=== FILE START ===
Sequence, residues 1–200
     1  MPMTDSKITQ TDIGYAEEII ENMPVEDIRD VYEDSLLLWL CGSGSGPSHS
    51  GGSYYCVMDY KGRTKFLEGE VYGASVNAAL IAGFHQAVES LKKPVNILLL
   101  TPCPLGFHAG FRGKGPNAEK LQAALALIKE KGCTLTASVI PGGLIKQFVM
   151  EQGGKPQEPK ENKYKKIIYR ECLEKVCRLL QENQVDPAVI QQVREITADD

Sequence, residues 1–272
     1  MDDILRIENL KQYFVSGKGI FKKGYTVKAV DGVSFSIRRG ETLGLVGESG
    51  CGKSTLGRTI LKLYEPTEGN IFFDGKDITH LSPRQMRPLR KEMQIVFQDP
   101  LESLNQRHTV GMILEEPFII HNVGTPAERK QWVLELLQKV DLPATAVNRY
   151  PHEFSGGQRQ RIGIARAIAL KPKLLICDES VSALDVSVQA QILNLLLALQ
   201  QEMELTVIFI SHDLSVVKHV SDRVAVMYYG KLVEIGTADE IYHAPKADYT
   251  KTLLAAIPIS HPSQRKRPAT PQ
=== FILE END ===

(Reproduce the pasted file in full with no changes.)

Sequence, residues 1–200
     1  MPMTDSKITQ TDIGYAEEII ENMPVEDIRD VYEDSLLLWL CGSGSGPSHS
    51  GGSYYCVMDY KGRTKFLEGE VYGASVNAAL IAGFHQAVES LKKPVNILLL
   101  TPCPLGFHAG FRGKGPNAEK LQAALALIKE KGCTLTASVI PGGLIKQFVM
   151  EQGGKPQEPK ENKYKKIIYR ECLEKVCRLL QENQVDPAVI QQVREITADD

Sequence, residues 1–272
     1  MDDILRIENL KQYFVSGKGI FKKGYTVKAV DGVSFSIRRG ETLGLVGESG
    51  CGKSTLGRTI LKLYEPTEGN IFFDGKDITH LSPRQMRPLR KEMQIVFQDP
   101  LESLNQRHTV GMILEEPFII HNVGTPAERK QWVLELLQKV DLPATAVNRY
   151  PHEFSGGQRQ RIGIARAIAL KPKLLICDES VSALDVSVQA QILNLLLALQ
   201  QEMELTVIFI SHDLSVVKHV SDRVAVMYYG KLVEIGTADE IYHAPKADYT
   251  KTLLAAIPIS HPSQRKRPAT PQ